Lendl, the immensely talented Czechoslovakian who had been runnerup in a number of major events, staged one of the greatest comebacks in tennis history Sunday to beat John McEnroe for the French Open championship.

Lendl, after dropping the first two sets, 3-6 and 2-6, rallied to win the next three sets and the match, 6-4, 7-5, 7-5. The grueling match took four hours eight minutes. The loss was McEnroe first after 42 straight victories.

“I’ll finally be able to answer some different questions,” said Lendl. “It feels great.”

Lendl, who earned $131,250 for winning, was indeed a happy person. In recent years, many have questioned his ability to perform in big matches. He acquired a reputation of being somewhat of a choke artist. He finished second at last year’s Australian Open to Sweden’s Mats Wilander, lost in the final of the last two US Opens, both to Jimmy Connors, and lost here in the 1981 final to Bjorn Borg.

But Sunday, Lendl was terrific. He used a relentlessly hard-stroking game, and unlike McEnroe, his legs were still strong at the end. Lendl felt that was the difference.

“We were both a little tired,” Lendl said. “But I guess John was a little more tired. He was moving slower, he was just giving me a little more space for passing shots.

“For the first two sets, John was playing great, serving and volleying well and doing everything. Then he started getting tired and, slowly, I started winning. Maybe I’m in a little better shape than I was last year.”

Lendl’s victory meant American men will have to wait until 1985 to try to break a jinx on the slow, red clay at Roland Garros stadium. No US man has won here since 1955, when Tony Trabert successfully defended his title.

Oh, really?

McEnroe, rated the best player in the world by the computers, was booed by the crowd when he refused to make a comment after accepting the second-place trophy.

Later, McEnroe said, “I’m a little down now because I thought I had a chance to win it. I had a lot of opportunities, a couple of times in the third set and three or four games in a row. I could have won all of them, but ended up winning none.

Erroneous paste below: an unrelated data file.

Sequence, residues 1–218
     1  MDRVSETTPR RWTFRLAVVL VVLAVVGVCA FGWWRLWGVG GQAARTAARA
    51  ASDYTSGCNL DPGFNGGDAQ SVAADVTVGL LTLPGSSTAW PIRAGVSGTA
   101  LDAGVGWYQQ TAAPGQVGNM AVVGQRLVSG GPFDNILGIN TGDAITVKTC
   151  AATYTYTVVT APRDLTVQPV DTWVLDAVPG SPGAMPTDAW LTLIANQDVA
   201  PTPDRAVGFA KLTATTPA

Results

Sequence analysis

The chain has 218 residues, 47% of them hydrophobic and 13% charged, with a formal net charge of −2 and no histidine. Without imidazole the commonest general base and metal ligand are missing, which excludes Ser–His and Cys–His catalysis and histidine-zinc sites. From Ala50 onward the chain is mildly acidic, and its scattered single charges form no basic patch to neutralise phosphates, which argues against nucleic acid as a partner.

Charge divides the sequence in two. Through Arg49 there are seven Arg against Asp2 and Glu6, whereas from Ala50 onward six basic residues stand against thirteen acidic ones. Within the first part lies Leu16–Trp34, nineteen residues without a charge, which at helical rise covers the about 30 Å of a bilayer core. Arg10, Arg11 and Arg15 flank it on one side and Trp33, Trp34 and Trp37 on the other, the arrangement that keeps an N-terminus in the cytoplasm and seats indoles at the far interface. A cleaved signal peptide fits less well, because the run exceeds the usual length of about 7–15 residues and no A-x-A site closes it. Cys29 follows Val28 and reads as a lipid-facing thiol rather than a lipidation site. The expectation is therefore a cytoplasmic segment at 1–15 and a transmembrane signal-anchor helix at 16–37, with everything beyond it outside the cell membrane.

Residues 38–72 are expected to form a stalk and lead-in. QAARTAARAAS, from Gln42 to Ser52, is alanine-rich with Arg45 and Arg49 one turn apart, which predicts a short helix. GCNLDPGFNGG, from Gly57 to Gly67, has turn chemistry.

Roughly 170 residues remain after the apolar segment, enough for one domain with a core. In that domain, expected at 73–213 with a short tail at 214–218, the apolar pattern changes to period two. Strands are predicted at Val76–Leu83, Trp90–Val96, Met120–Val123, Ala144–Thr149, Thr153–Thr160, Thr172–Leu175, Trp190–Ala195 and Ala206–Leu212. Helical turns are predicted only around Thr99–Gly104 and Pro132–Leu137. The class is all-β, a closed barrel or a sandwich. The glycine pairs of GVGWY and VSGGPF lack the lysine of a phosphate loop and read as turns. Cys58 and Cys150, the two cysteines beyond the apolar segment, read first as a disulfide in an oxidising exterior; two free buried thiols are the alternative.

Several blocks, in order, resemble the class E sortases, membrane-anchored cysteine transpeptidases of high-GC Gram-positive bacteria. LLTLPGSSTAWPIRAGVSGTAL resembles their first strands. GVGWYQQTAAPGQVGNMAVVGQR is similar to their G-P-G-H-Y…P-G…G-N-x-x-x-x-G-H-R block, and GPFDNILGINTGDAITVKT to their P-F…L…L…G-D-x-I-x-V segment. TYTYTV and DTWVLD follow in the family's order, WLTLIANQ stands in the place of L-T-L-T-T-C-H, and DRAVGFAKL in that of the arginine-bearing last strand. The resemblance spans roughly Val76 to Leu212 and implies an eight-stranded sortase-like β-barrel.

“It’s tough to serve on clay in a long match, but I just didn’t serve well enough.”

McEnroe had forsaken the doubles competition to concentrate on singles. The French Open and the Australian Open are the only two Grand Slam titles McEnroe hasn’t won. He has won the US Open and Wimbledon.Interesting that McEnroe played only singles at this French, I wonder how often he skipped doubles in the Slams.

I guess it shows how much he wanted the French title.

krosero
11-24-2013, 05:20 PM
Someone in another thread raised the question of how it affected McEnroe's performance in singles, to play in doubles -- particularly whether it drained him to play a doubles match the day before a GS singles final.

He got tired in this French final, but he was well rested, with no doubles, and an easy path to the singles final (he dropped one set, in the R16).

By contrast look at what he did at the 1980 USO, beating Lendl in a four-set quarterfinal on Thursday, losing a 5-set doubles match on Friday, and beating McEnroe and Borg in successive five-setters on Saturday and Sunday.

McEnroe said often that doubles was how he stayed sharp and in shape. He admitted that he was not keen on training and practice, so competing in doubles kind of filled that role for him.

I wonder if playing doubles at this French might have actually helped him a little bit when he found himself in an endurance contest against Lendl.

krosero
11-24-2013, 05:24 PM
McEnroe came into the French final with a 13-8 record in five-setters (he finished his career at 26-13). Since the 1982 Wimbledon final he had won 6 of 7 five-setters (the sole loss to Clerc in Davis Cup).

After this loss to Lendl he won his next five, the longest streak of his career (Zivojinovic ended the streak at the 1985 AO).

http://tt.tennis-warehouse.com/showpost.php?p=4888055&postcount=125

krosero
11-24-2013, 06:04 PM
Lendl did not play badly in the first two sets of this French final, but arguably he was playing nervously – or at least below potential. He opened the second set by getting broken from 40-love up and was broken in his next service game from 30-15 up. He got broken also from 40-30 up, in the first set.

So in those first two sets he gave up leads in all of the service games in which he was broken.

In the remaining three sets McEnroe broke him three more times, but without any help from Lendl, who gave up no leads in those games except a minor lead of 15-love.

kiki
11-25-2013, 01:09 PM
Lendl had some brilliant comebacks wins over the course of his long career.Not just that RG final against Mc Enroe, but he also came back from 0-2 and a match point down against Vitas Gerulaitis in the 1981 Masters final.And that same year, he had overcome two mp for JL Clerc during their classic five sets semifinal at Paris.Not to mention his memorable comeback in the US Open 1984 semis vs Pat Cash.

krosero
11-28-2013, 07:28 PM
Just checked the ATP site, McEnroe played men's doubles at the French only twice, in '77 (with Ycaza) and '92 (with Agassi).

http://www.atpworldtour.com/Tennis/Players/Mc/J/John-Mcenroe.aspx?t=pa&y=0&m=d&e=520#

kiki
11-29-2013, 01:31 PM
What did happen in 1980 agaisnt Paul Mc Namee?

krosero
11-29-2013, 07:07 PM
What did happen in 1980 agaisnt Paul Mc Namee?Mac lost that in 4 sets, all 4 going to tiebreaks. It lasted 4 hours 18 minutes so I wouldn't be surprised if it was the longest match he ever played at RG.

McEnroe almost forced it to five sets, serving for the fourth at 6-5 but losing that game after 11 deuces (or 9?)

http://news.google.com/newspapers?id=vpwcAAAAIBAJ&sjid=y2cEAAAAIBAJ&pg=4008%2C7427227

http://news.google.com/newspapers?id=ot8zAAAAIBAJ&sjid=SzIHAAAAIBAJ&pg=7144%2C3481467